Comparing Student Sorting and Mobility Patterns Across the School Choice Programs of Charter and Magnet Schools
*Names in bold indicate Presenter
An important question for the school choice movement is the effect these programs have on the sorting of students. Two of the most prominent modes of school choice are magnet and charter schools. While magnet programs were established in the 1960s and 1970s as means of creating greater racial integration, charter schools were promoted primarily as means of creating innovation and improving student achievement. Nevertheless, there are concerns as to whether charter schools may further stratify an already racially stratified system as well create “churns” of students moving in and out of schools or “skim the cream,” enrolling high-ability students at the expense of lower achievers left in traditional public schools (TPS). With this in mind, an emerging literature has examined the effect charter schools have on student sorting. However, while some of these same concerns could be expressed for magnet schools, little research has examined student sorting for these schools.
For charter schools, the emerging research has mostly focused on racial segregation in which researchers have generally compared the racial makeup of charter schools relative to state and district averages, not taking into account the fact that charter schools are not randomly dispersed within a state or district. To gain a better sense of whether a student is in a more segregated environment, a few studies have taken the additional step using longitudinal student-level data to compare the racial makeup of the TPS a student transfers out of to the charter school the student transfers into (Booker, et al., 2005; Bifulco and Ladd, 2007; Zimmer et al., 2009). A subset of these studies have also provided insights into whether a charter school is cream skimming high ability students by examining whether students transferring out of a TPS and into a charter school were above or below the ability level of the TPS’s average student, but this research only examined student transfers across years, not within years. Similarly, two studies (Zimmer and Guarino, 2014; Winters, 2015) examined the achievement level of students transferring out of charter schools to see if there is evidence of schools pushing out low-performing students, but again, these studies do not have access to within school year moves. In addition, no studies have examined where low-performing students go when they exit a school of choice (e.g., do they go to TPSs or another school of choice) and whether schools of choice are less likely to fill the spot of a low-performing student that exits than a TPS (i.e., less likely to backfill).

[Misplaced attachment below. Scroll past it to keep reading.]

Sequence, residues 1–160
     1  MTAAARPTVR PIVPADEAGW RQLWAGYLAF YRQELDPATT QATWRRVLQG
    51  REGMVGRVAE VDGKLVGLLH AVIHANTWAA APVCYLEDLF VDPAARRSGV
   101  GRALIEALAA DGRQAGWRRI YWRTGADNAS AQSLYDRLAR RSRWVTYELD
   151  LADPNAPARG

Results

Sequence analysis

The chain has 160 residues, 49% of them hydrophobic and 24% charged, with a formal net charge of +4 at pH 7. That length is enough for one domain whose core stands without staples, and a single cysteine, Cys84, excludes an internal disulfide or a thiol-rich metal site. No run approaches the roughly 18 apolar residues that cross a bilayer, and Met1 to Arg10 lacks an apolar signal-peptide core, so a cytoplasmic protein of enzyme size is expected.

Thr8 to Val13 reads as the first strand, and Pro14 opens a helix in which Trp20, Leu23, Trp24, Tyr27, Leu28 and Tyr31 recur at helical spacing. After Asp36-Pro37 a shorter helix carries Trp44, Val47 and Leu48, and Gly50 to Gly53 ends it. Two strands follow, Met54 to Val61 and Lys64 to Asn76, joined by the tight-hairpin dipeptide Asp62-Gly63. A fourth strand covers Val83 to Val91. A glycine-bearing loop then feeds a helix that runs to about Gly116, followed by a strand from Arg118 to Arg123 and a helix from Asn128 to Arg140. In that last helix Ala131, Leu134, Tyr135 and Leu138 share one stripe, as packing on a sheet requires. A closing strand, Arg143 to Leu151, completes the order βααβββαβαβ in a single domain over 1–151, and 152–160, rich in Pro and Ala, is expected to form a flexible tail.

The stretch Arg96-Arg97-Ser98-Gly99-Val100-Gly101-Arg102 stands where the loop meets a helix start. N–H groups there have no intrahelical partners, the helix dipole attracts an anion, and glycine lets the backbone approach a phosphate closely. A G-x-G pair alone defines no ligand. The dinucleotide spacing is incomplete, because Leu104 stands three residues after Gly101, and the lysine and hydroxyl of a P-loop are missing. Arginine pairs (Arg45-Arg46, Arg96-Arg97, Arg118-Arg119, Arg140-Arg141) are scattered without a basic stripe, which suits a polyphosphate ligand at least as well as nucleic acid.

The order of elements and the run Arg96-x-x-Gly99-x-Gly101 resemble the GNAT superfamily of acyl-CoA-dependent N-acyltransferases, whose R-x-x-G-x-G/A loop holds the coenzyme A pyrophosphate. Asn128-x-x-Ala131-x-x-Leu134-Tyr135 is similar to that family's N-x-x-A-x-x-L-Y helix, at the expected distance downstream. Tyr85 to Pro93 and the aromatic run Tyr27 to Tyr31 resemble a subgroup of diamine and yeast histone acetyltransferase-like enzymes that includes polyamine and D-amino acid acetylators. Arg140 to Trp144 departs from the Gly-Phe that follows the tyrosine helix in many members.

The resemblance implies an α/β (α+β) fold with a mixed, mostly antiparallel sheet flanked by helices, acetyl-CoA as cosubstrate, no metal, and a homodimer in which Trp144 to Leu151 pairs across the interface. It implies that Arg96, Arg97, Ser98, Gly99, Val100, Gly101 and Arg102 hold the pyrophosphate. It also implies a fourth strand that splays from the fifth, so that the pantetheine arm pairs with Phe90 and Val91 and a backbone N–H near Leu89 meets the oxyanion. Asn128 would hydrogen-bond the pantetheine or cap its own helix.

In this paper, we examine both charter and magnet schools to see whether these school choice policies are leading to increased racial segregation, cream skimming, high exit rates of low-performing students, greater level of student churn, or less “backfilling”. To carry out these analyses, we use statewide Tennessee longitudinal data that includes both within and across school year student moves.